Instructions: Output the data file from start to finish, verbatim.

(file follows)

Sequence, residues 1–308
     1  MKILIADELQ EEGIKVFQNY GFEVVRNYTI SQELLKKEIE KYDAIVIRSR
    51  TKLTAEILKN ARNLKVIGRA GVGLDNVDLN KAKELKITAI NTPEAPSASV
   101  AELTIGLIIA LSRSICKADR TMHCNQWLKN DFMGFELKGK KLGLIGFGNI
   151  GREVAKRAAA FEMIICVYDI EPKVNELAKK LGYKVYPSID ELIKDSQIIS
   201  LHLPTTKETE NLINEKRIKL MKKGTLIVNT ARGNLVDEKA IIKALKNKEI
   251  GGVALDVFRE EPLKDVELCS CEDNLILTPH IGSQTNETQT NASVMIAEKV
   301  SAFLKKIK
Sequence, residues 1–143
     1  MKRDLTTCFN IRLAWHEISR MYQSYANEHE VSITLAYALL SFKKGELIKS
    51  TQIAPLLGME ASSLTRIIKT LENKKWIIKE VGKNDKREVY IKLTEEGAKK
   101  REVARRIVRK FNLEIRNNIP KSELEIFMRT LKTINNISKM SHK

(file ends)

Sequence, residues 1–308
     1  MKILIADELQ EEGIKVFQNY GFEVVRNYTI SQELLKKEIE KYDAIVIRSR
    51  TKLTAEILKN ARNLKVIGRA GVGLDNVDLN KAKELKITAI NTPEAPSASV
   101  AELTIGLIIA LSRSICKADR TMHCNQWLKN DFMGFELKGK KLGLIGFGNI
   151  GREVAKRAAA FEMIICVYDI EPKVNELAKK LGYKVYPSID ELIKDSQIIS
   201  LHLPTTKETE NLINEKRIKL MKKGTLIVNT ARGNLVDEKA IIKALKNKEI
   251  GGVALDVFRE EPLKDVELCS CEDNLILTPH IGSQTNETQT NASVMIAEKV
   301  SAFLKKIK
Sequence, residues 1–143
     1  MKRDLTTCFN IRLAWHEISR MYQSYANEHE VSITLAYALL SFKKGELIKS
    51  TQIAPLLGME ASSLTRIIKT LENKKWIIKE VGKNDKREVY IKLTEEGAKK
   101  REVARRIVRK FNLEIRNNIP KSELEIFMRT LKTINNISKM SHK